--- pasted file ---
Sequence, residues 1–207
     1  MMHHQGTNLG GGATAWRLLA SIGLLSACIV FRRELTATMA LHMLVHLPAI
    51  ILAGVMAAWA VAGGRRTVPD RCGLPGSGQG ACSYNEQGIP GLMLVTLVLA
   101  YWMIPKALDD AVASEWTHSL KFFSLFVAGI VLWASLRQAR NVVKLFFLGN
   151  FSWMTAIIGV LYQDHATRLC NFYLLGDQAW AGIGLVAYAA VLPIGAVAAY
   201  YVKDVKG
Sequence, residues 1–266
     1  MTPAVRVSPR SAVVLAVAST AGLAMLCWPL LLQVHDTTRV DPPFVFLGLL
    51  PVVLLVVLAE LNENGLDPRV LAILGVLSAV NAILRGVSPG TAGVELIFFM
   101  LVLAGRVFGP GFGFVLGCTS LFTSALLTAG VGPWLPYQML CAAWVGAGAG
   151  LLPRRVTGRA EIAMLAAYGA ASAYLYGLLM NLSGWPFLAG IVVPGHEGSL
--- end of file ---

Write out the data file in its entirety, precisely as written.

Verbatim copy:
Sequence, residues 1–207
     1  MMHHQGTNLG GGATAWRLLA SIGLLSACIV FRRELTATMA LHMLVHLPAI
    51  ILAGVMAAWA VAGGRRTVPD RCGLPGSGQG ACSYNEQGIP GLMLVTLVLA
   101  YWMIPKALDD AVASEWTHSL KFFSLFVAGI VLWASLRQAR NVVKLFFLGN
   151  FSWMTAIIGV LYQDHATRLC NFYLLGDQAW AGIGLVAYAA VLPIGAVAAY
   201  YVKDVKG
Sequence, residues 1–266
     1  MTPAVRVSPR SAVVLAVAST AGLAMLCWPL LLQVHDTTRV DPPFVFLGLL
    51  PVVLLVVLAE LNENGLDPRV LAILGVLSAV NAILRGVSPG TAGVELIFFM
   101  LVLAGRVFGP GFGFVLGCTS LFTSALLTAG VGPWLPYQML CAAWVGAGAG
   151  LLPRRVTGRA EIAMLAAYGA ASAYLYGLLM NLSGWPFLAG IVVPGHEGSL